The statutory dismissal procedure does not only apply to disciplinary cases. It must be followed when an employer is contemplating the dismissal of an employee for any of the following reasons: Conduct, Capability, Redundancy, Non-renewal of a fixed term contract, Compulsory early retirement.
All your procedures relating to these actions need to be updated to reflect the new requirements. The statutory process also applies where employers take other disciplinary action such as demotion or unpaid suspension.
Two new procedures apply in this area. These are:
Step 1: A written statement dealing with the allegations or characteristics that led the employer to begin the process including an invitation to a meeting to discuss the matter.
Step 2: Before any action takes place the meeting must occur after the employee has had time to consider his or her response to Step 1. After the meeting the employer informs the employee of the decision and notifies him/her of their right to appeal.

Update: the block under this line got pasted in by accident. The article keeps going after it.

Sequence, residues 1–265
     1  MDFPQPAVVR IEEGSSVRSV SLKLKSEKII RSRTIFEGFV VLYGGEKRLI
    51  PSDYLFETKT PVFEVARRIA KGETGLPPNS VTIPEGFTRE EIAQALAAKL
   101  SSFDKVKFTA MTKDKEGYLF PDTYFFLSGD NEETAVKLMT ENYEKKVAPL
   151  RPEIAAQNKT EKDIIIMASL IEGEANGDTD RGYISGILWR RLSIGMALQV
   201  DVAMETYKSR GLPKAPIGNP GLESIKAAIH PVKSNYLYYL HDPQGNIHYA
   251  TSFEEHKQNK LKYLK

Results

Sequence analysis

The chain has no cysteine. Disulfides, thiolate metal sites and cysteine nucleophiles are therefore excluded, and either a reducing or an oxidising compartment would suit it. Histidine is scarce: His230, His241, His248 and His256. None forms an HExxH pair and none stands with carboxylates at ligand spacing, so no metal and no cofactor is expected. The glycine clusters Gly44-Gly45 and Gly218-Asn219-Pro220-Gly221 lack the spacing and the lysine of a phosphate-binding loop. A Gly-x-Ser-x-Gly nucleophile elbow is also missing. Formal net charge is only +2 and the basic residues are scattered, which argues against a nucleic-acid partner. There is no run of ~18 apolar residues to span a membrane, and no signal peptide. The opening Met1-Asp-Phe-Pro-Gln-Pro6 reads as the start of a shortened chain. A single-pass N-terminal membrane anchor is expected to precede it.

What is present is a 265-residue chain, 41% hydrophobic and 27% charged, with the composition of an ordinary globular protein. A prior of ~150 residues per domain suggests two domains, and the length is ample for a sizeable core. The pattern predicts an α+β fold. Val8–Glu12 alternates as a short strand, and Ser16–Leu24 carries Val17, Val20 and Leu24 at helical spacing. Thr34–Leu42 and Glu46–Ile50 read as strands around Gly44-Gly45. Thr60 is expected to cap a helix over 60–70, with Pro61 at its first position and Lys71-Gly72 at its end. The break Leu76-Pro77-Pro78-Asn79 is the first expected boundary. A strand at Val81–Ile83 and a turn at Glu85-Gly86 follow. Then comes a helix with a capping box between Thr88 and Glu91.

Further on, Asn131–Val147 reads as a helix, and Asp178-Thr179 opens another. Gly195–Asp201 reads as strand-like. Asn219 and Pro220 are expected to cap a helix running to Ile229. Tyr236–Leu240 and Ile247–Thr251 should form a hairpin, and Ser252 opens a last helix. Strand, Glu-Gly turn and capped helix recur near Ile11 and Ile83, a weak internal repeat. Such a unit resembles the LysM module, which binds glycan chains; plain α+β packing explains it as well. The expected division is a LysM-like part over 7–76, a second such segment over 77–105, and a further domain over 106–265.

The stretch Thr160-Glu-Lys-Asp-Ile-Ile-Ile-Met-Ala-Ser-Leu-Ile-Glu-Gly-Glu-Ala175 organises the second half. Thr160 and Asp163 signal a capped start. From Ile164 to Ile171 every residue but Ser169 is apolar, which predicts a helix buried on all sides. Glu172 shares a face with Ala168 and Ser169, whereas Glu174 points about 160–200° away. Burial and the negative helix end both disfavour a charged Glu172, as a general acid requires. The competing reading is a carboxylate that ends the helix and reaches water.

Step 3: An appeal hearing must take place if requested by the employee after which the final decision is communicated.
Not too difficult, but what must be stated in the invitation, how it is delivered, whether a “companion” must be invited and the process during the hearing are all critical issues. The timing of hearings, even after dismissal, the actions taken upon the non-attendance of the employee and the number of times the procedure is followed before a dismissal occurs all determine the likelihood of success or failure if a case of Unfair Dismissal is brought.
The second procedure called the “Modified Procedure”. This could apply to a very small proportion of Gross Misconduct cases. However, this is even more confusing as it can only be used where a Tribunal will agree that it was reasonable for the employer to dismiss the employee before enquiring into the circumstances in which the conduct took place. Our advice is therefore to ignore this procedure entirely – as such circumstances are so rare as to make this procedure almost superfluous.